int deltaSensorValue=0;      // change in sensor value
    int previousDeltaSensorValue = 0;    // change last time
    int outputValue = 0;        // value output to the PWM (analog out)
    int threshold = 30;        // amount the input has to change to detect a flash
    volatile long averageLevel = 900;     // variable to store the integrated average background level

    boolean flashDetected = false;    //flag that a flash was detected

    void setup() {
      // initialize serial communications at 9600 bps:
      Serial.begin(9600);
      pinMode(led, OUTPUT);
    }


    void loop() {
      // save the last values
      previousSensorValue = sensorValue;
      previousDeltaSensorValue = deltaSensorValue;
      // read the analog in value:
      sensorValue = analogRead(analogInPin); 
      // calculate the amount of change
      deltaSensorValue = previousSensorValue - sensorValue;
      // Leaky integrator to store average background level
      averageLevel = ( 999 * averageLevel + sensorValue)/1000;
             
      // print the results to the serial monitor
      // filter out multiple triggers on the same rise time
      if ((deltaSensorValue > threshold ) & (previousDeltaSensorValue < threshold) ) {
        Serial.print("Flash Detected!  Delta = ");
        Serial.print (deltaSensorValue );
        Serial.print ("\n");
        flashDetected = true;
      }
     
      if ((averageLevel-sensorValue) > threshold) {
        Serial.print("Alternate Method Flash Detected!  Delta = ");
        Serial.print (averageLevel-sensorValue);
        Serial.print ("\n");
        flashDetected = true;
      }
     
      //output a pulse on pin 13 (LED also lights) when a flash is detected
      if (flashDetected) {
         flashDetected = false;
         digitalWrite(led, HIGH) ;
         delay(10);
         digitalWrite(led,LOW);
      }
     
      // wait before the next loop
      // for the analog-to-digital converter to settle
      // after the last reading:
      // ***** shortened significantly to speed up the loop
      //delayMicroseconds(50);  
      
    }


    Here is the lash up.  On the left is the IR flash.  On the lower right is the Arduino.  On the breadboard you can see four phototransistors in a parallel array with a 2.2K load connected to pin A0.  Pin 13 on the Arduino is connected with a 100 ohm resistor to a LED that is taped together to the flash sensor of the IR flash.   


    In this video I tickle the phototransistors with a laser pointer, and you can see the IR flash fire.   The flash result on the video is underwhelming to say the least.  The LED's don't blind the cell phone video when they fire.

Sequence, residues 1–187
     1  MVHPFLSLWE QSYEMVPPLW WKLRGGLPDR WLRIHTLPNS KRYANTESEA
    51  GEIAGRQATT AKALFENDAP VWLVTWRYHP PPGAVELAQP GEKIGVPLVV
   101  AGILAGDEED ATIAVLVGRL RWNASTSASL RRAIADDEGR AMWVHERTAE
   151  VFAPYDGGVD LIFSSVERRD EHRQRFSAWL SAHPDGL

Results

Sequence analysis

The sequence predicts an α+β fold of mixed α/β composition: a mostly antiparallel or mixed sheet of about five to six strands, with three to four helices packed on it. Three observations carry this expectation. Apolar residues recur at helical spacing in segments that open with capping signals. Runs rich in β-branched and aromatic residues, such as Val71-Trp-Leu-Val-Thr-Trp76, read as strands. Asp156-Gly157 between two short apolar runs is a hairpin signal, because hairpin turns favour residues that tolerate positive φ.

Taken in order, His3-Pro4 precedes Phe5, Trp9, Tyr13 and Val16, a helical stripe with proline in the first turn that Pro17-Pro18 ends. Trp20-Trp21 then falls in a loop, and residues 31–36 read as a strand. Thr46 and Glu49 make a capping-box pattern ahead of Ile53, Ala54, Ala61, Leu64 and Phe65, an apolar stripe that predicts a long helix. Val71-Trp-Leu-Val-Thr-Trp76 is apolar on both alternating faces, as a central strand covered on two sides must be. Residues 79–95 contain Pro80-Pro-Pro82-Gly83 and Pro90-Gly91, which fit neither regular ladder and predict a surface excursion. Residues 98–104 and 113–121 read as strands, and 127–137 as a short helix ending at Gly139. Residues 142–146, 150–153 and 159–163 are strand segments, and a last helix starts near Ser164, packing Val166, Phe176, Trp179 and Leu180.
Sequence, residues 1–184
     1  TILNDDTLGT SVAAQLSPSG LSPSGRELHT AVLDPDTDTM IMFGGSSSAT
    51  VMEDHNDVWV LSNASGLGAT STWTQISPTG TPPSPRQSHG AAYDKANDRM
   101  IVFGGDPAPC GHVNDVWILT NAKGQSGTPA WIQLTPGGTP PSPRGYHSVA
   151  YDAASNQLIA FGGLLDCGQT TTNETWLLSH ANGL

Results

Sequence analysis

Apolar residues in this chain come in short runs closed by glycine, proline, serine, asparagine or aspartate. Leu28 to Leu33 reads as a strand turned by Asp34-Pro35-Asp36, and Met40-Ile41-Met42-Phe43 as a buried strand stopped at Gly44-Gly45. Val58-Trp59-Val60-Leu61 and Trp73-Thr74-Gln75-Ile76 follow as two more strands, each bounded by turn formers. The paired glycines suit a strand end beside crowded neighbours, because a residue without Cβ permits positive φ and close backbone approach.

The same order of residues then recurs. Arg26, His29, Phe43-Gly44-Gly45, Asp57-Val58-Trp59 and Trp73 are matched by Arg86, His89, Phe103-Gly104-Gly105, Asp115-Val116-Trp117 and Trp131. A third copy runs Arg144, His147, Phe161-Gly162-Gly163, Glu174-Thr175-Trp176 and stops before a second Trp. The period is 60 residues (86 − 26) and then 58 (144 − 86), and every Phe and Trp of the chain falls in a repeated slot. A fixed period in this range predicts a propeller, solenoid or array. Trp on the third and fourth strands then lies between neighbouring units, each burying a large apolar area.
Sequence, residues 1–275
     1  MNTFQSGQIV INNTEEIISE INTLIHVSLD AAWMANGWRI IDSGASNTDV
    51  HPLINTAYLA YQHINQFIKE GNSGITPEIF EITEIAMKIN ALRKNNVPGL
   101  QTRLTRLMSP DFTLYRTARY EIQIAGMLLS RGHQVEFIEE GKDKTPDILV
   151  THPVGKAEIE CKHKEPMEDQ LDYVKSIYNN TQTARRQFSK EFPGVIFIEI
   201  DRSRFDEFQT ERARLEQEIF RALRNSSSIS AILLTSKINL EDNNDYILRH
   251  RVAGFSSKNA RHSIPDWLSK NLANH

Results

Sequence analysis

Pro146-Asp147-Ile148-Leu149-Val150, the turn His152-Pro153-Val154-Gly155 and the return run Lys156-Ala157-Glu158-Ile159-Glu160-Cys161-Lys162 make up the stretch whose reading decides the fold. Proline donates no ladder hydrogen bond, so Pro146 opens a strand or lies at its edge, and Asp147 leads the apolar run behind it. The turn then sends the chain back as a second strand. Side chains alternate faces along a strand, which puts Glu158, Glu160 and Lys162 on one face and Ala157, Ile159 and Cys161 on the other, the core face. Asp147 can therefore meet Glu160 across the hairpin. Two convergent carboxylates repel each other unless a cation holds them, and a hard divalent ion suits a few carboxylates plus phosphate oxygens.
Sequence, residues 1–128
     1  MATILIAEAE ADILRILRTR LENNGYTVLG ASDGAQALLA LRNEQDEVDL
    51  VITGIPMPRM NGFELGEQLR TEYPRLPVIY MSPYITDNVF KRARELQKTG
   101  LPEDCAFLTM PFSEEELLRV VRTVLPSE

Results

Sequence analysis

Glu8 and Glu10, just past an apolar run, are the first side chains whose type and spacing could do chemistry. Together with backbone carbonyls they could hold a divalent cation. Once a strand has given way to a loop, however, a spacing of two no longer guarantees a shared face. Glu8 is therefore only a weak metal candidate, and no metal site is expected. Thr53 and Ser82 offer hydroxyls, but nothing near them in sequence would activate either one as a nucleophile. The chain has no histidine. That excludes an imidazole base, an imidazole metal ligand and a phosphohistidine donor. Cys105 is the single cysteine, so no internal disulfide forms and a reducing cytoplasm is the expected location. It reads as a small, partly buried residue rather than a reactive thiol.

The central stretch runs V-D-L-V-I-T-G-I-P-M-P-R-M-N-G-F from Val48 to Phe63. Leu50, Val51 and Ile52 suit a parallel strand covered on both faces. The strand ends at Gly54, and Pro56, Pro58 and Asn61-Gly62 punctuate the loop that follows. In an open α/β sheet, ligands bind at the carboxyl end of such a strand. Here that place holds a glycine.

video

    So far I've taken several flash photos of the setup, and the flash picture (I am still using a cell phone) misses the IR flash firing.  I must be firing the IR flash late, no other logical explanation.

    I set up the scope to trigger on an edge and capture the circuit's response to a couple different flashes to see what kind of timing I'm dealing with.

    The circuit is just the common emitter amp with a 2.2K load, 5V supply from the Arduino and four SFH314 photo transistors in parallel.



    Some interesting results.   My cell phone does a double flash (It is a Motorola Droid 4).   The trigger catches two  The circuit is an inverter, so the onset is the fall time.  I measure 225us as the rise time.   There are two 100ms pulses 100ms apart.   1/10 of a second.  Way way slower than the web page says a real flash should be.  I shouldn't be wasting my time using a cell phone LED flash for these experiments




    I pulled out my real camera.   A fairly high end point and shoot:

    Canon PowerShot SX260 HS 12.1 MP CMOS Digital Camera


    It has a flash that pops up, which I don't think is an LED, but I can't find much information on what exactly it is.   I got very different results.   This time I got a 200us pulse with a 1.4us rise time.  Completely different ball park.  The fall time was much more like what the earlier web page said it would look like.   1/5000 of a second.  The shutter speed range is quoted as 15-1/3200 of a second.



    To catch a flash and shutter speed like that I'm going to need to sample at least every 100us (10kHz) and respond in 100us.  That still seems doable.   I did notice that this camera also does a double flash.